Saturday, December 22, 2012

Ghosts of Kitchens Past

     We are rapidly approaching the point of declaring our restaurant a disaster zone‒ At lunch, booze-fueled Christmas parties wreak havoc on eardrums, the bartenders (Another bloody mary?? I just made five!) and our carpets, strewn with the crumbs of bread-devouring hordes, and littered with scraps of wrapping paper and forgotten gift bags; Dinners are filled with awkward family reunions and staring out-of-towners who don't "dine" much. Soon I expect to find my fellow servers (or myself) hiding in a corner somewhere rocking gently and murmuring: "No we don't have white zin! No white zin!"
     I have a few things to be incredibly thankful for this season: We are NOT open Christmas eve or Christmas day this year (yay, doing a dance in my seat as I type); I haven't as yet had to work a double; And the fact we have the most awesome, efficient kitchen staff.

     Seriously, our cooks are restaurant ninjas. Night after night they crank out dishes that so rarely get sent back, I almost forget what it was like to work in a place where I had to cringe in fear every time I did my "two bites, two minutes" check back with tables. We are constantly complimented on Yelp and OT about our speedy service, which is largely thanks to them.

     Even better, we have little of the drama usually associated with FOH/BOH relations: No yelling, no insults, no imminent threats of thrown, sharp objects. Instead I get songs (reliving our inglorious past attempts at karaoke), smiles, and a maybe a grumpy-but-funny "What the fuck, how are you?" from the sous chef.

     In previous jobs I was not so fortunate. Here are some of my least favorite ghosts of kitchens past:


     Kitchen workers are not always happy with their lot in life, understandably, and with their relative level of income in particular. I used to work with a prep cook who was handsome and smart enough that, with better opportunities, he could have been in the movies, or cutting high-stakes business deals somewhere, not baking brownies and making whipped cream for minimum wage.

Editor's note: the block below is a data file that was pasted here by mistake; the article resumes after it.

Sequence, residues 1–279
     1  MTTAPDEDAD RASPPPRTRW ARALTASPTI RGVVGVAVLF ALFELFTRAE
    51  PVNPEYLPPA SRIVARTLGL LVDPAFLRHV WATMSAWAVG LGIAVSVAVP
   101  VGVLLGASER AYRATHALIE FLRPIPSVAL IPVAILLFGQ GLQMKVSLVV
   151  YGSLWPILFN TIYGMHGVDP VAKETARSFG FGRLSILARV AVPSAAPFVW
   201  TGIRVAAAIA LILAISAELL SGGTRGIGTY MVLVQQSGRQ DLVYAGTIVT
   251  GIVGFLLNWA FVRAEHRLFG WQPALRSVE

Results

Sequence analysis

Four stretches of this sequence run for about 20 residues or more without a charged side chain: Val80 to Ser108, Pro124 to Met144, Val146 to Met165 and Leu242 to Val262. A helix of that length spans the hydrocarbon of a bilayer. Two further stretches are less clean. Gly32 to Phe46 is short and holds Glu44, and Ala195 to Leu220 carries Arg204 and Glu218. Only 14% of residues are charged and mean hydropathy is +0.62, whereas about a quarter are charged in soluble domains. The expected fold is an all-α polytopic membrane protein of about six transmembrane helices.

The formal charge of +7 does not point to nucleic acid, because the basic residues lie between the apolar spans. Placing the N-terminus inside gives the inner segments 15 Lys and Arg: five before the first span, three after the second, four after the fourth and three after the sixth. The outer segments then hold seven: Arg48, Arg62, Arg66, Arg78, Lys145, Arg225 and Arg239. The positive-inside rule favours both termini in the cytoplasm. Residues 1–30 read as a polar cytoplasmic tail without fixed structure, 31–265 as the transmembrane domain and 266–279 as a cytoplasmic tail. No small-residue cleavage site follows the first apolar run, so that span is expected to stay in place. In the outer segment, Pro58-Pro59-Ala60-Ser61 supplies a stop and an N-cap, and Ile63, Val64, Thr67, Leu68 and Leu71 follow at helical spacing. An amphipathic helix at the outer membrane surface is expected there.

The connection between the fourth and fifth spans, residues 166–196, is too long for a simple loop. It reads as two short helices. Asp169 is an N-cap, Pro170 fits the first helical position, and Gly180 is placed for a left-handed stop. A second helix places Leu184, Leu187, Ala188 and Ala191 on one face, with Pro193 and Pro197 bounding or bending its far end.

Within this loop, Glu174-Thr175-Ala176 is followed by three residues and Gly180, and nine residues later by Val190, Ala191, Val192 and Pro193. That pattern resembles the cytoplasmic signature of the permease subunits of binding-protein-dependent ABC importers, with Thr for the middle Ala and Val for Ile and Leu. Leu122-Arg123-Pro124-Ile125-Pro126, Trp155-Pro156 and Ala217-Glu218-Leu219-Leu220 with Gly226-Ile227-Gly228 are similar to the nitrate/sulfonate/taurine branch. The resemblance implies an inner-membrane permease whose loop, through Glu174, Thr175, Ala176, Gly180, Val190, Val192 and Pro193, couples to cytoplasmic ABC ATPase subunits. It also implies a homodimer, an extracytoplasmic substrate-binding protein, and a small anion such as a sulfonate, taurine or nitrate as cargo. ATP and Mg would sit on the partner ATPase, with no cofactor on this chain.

This cook's anger was regularly visible in his glinting eyes, his huge biceps flexed and threatening. Any question was met with an immediate "no" in spite of it being our policy to agree to special requests. To one of the girls, sensitive about her looks, he would pull out his ears and make loud donkey noises. Dread and tears became the typical result of having to ask for a simple side of salad dressing.

     Once, I was chatting with the cooks about how I'd visited Palo Alto earlier that day. "Palo Alto?" Mr. Raging Testosterone asked me. In Spanish this translates to "tall stick"; He grabbed a huge meat mallet and slammed it with all his roid-enhanced strength on a countertop a foot away from me. I spent the rest of the night with my ears ringing (I never let him make me cry though. Asshole.)

     His aggressive use of stimulants ended up being his downfall. The cops busted him driving drunk and in possession of cocaine, and that was the last I saw of him. I felt the smallest twinge of sadness for him, as he did have a more charming side, evident when he was out dancing; But this sentiment didn't last long, as our kitchen was blissfully peaceful after his departure.


     I am still haunted to this day by the memory of a salad cook with large, empty eyes, and her broken record-like refrain: QUUUEEE? QUUUEEE?

     Peppers, a large corporate chain, had one constant frustration: the salad, fry and grill sides operated independently of one another, forcing servers to do a hokey-pokey juggle between them. On busy nights, getting all of a table's food to appear at the same time was a miracle.

     It was never sizzling fajitas or burgers that were our usual hang-ups however, but salads, a station worked at a turtle's pace by a resentful cook with big, frozen brown eyes. Simple questions or condiment requests were met with one response: "QUUEEE?" One time I was stiffed by a 6-top, who was livid that it took ten minutes to receive a side of guacamole for their fajitas. Management got tired of having to comp salad items for tables, and one day she disappeared.

Toast Wars

     At a mom-and-pop breakfast place, my first serving job, the unassuming side window where the toast came out became a battle ground every Sunday. I knew that the myriad of toast options was confusing and annoying to a kitchen much more concerned with omelet preparation; Unfortunately to our customers, toast wasn't nearly so unimportant, and they would loudly remind us of this at every opportunity. We would in turn, pressured by our tables, sit at the toast window begging for our damn English muffins and rye. A very meek, polite server was surprised once when a plate and its buttered, crunchy contents came flying at her, hitting her in the chest.

     One table of regulars showed me what they thought of the situation. Their five orders of toast came out as they were finishing their meal, in spite of me pleading with the kitchen and risking having plates thrown in my direction. As a reward they left a few pennies and dimes on the table, and a dollar bill stuffed into a syrup ramekin.

     All of these lovely experiences make me *heart* my current kitchen staff and their smiling faces so much.

     Have a wonderful holiday everyone!
submit to reddit


  1. UGH those are horrible stories! How do any of us trudge through those disgusting first restaurant jobs to get to the good ones?!!!! A customer tonight picked around all the kale in her soup, and I could feel the Olive Garden induced nightmares creeping in. It's been five years since I worked there. Not a kitchen story, but still...

    1. I know, sometimes I feel like I have server PTSD, those memories are like yesterday!